In 2015, the Paris Accords declared a battle against climate change. One of the main goals of the Accords was to maintain a temperature change that would not exceed 2 degrees Celsius. To achieve this goal, countries participating in the agreements were urged to commit to achieving a net-zero carbon emission status by 2050.
In essence, a net-zero carbon emission world means that everything would have to change – from the abandonment of fossil fuels and the introduction of green-energy-powered cars to increased carbon taxes and the adoption of completely new personal and family lifestyles. Clearly, the aviation industry would have to change, as well. But how?
Aviation accounts for roughly 5% of total global warming, with 2.4% coming from the industry’s CO2 emissions. In order for the aviation industry to actively participate in the global effort to reduce the collective carbon footprint, it would have to invest significant resources in the development of revolutionary technologies, with the backing of national and international policymakers. The good news is that a variety of evidence suggests that this is actually happening. Ironically, one of the central catalysts for change is the COVID-19 pandemic.
COVID-19 as Disruptor
The COVID-19 pandemic has shaken the global aviation industry to its very core. In simplistic terms, people just stopped flying. Airlines were in serious jeopardy, and so were millions of jobs. As an entire industry was brought to its knees, governments worldwide realized they had to step in and provide airlines with financial liquidity required for their survival.
Almost as soon as the pandemic began, prominent figures began calling for government-airline agreements to include a commitment to the reduction of carbon emissions, as a condition for financial aid. In late 2020, the OECD issued a report that analyzed the support provided to airlines. According to the report, the COVID-19 disruption has the power potentially curb the aviation industry’s sustainability investments, due to lack of funds. Therefore, the report states that the support provided to airlines could and should be used as incentive to promote the industry’s end-to-end sustainability – from aircrafts to airports. This recommendation rests on the basic assumption that this incentive is crucial for actual sustainability progress. But more importantly, it recognizes that sustainability is the key to the future stability of the entire aviation industry.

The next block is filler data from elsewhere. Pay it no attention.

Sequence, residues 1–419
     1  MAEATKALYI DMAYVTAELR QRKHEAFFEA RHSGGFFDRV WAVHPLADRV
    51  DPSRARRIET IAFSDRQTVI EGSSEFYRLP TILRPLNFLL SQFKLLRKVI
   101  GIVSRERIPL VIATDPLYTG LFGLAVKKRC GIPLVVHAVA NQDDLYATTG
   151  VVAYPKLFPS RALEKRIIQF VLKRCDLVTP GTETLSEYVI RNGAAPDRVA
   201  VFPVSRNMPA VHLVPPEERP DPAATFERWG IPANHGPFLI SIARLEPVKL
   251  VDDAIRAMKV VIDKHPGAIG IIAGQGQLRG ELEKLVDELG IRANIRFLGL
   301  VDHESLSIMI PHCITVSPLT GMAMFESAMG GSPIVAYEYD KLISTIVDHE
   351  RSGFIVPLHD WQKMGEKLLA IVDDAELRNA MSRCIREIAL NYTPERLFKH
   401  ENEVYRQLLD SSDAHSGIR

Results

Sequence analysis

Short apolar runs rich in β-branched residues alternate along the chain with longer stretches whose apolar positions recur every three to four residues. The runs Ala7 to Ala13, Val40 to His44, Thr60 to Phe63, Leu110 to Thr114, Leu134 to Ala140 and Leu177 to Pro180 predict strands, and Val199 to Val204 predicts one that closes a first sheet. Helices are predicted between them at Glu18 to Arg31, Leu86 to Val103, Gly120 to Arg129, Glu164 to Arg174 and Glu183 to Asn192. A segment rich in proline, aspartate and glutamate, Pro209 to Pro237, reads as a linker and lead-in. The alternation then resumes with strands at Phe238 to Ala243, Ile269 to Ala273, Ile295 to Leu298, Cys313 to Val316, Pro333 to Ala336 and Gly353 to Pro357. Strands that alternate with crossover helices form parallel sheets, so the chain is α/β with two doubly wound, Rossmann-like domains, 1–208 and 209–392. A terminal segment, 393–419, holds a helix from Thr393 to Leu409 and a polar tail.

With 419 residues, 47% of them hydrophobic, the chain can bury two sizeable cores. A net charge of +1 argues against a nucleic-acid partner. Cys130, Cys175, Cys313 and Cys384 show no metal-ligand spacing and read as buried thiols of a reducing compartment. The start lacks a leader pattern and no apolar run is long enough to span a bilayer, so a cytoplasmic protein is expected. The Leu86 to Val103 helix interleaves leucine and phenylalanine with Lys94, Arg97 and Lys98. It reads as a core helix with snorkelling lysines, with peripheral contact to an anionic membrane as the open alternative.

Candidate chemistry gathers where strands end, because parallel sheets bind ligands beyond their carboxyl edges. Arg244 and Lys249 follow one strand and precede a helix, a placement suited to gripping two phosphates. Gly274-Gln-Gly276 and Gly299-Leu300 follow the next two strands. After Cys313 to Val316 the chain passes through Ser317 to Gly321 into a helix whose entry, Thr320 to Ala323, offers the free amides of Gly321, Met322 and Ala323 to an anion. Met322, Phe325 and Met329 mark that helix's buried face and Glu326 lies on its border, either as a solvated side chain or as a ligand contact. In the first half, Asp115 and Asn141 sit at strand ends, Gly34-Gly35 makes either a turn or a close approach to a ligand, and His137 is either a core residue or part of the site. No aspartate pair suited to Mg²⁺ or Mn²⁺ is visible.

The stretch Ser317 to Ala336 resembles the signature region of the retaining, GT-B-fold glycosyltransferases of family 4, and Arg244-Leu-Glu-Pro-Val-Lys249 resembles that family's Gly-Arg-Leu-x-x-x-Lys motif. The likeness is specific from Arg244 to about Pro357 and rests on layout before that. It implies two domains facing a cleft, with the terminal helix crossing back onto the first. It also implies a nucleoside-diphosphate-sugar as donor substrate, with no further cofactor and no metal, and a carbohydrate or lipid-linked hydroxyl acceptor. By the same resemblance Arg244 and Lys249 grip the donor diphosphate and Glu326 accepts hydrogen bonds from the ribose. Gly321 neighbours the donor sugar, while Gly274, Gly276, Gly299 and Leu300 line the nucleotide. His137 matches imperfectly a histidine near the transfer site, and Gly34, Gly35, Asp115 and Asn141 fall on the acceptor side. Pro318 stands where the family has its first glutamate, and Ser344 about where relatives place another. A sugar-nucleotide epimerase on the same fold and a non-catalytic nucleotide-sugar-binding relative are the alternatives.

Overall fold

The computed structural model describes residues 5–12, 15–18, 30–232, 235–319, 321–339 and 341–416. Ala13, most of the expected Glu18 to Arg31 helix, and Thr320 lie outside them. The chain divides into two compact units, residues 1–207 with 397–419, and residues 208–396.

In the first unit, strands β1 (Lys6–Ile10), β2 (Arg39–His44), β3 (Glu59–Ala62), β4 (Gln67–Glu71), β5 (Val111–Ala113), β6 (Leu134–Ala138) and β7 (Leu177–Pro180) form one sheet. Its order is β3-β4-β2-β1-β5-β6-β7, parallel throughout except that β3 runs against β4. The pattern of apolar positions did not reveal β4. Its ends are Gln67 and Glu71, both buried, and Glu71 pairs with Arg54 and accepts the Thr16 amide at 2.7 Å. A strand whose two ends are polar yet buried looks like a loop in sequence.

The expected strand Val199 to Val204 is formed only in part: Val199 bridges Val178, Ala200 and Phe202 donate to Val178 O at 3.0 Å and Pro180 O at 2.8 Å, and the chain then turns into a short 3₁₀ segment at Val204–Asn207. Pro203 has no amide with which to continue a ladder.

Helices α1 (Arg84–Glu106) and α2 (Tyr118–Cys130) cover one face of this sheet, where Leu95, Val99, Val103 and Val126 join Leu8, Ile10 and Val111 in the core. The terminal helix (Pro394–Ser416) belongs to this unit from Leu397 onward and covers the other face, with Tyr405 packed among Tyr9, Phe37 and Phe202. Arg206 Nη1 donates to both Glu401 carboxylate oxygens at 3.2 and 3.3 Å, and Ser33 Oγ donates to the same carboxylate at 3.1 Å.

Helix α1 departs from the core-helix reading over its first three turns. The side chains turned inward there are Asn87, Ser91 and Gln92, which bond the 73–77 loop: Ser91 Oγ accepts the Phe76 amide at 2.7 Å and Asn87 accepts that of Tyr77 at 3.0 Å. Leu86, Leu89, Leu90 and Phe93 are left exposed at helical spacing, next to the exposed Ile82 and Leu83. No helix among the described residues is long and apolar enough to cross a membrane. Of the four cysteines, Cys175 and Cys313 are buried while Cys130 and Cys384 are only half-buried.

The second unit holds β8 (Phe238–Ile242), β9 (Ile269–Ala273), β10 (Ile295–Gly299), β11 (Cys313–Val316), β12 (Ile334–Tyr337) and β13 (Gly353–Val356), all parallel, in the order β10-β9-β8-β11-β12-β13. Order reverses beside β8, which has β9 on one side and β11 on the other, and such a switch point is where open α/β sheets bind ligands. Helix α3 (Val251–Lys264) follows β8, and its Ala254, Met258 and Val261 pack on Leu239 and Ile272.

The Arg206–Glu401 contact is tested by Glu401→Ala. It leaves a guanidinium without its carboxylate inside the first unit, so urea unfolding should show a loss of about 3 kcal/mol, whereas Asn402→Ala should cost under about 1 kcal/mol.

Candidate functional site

Green Winds of Change
Policy change and business investments are clear indicators of industry-level change – and the aviation industry’s approach to sustainability is no different.
As far as policy is concerned, the 2021 COP26 in Glasgow proved essential in understanding the future of aviation sustainability. COP26 issued a declaration, which was signed by 25 countries, that introduces the International Aviation Climate Ambition Coalition. The coalition commits to upholding the aviation industry to the 2050 net-zero emission goal, via a myriad of strategies – from investing in new aviation fuels to developing novel aircraft technologies. This declaration was warmly embraced by IATA.
Technology is Key
Policymakers are recognizing the key role technology is playing in making zero-carbon aviation a reality – and the same can be said of airlines, industry leaders, and the tech sector. In fact, airlines and aircraft manufacturers are teaming with the tech industry to drive this positive change.
This momentum is exemplified in a variety of strategic decisions concerning electricity-powered aircraft used for air-taxi and cargo transportation purposes. Last month, Boeing invested $450M in Wisk, an aerospace company that it co-owns, and that is developing pilotless air-taxis that are based on eVTOL (electric vertical take-off and landing) technology. This is not Boeing’s first investment in this venture. Another airline investing in electric VTOL technology is Mesa Airlines, which ordered 150 VTOL aircrafts developed by Elroy Air. The purpose of these autonomous electric aircrafts is primarily commercial cargo delivery.
Signs that aviation is heading in a more sustainable direction are all around us. In November 2021, the largest airshow since the start of the pandemic was held in Dubai – and focused on sustainable flight travel technology. A few weeks earlier, NASA participated in an event at the White House, where it announced that it is partnering with key companies and organizations to develop sustainable fuel – as well as other green technologies – in accordance with US government goals.
The Bottom Line
Climate change is a real threat to our way of life, and major policy makers are sincerely trying to do something about it. But it’s not only up to international coalitions like the UN or governments. It is also up to various industries to commit to globally acknowledged goals, as well. The steps taken by countless aviation entities – both large and small – is very promising.
In the end, aviation is crucial to today’s global village. A greener future will not only help the aviation industry thrive, but will also help global society transition into what it wants – and needs – to become.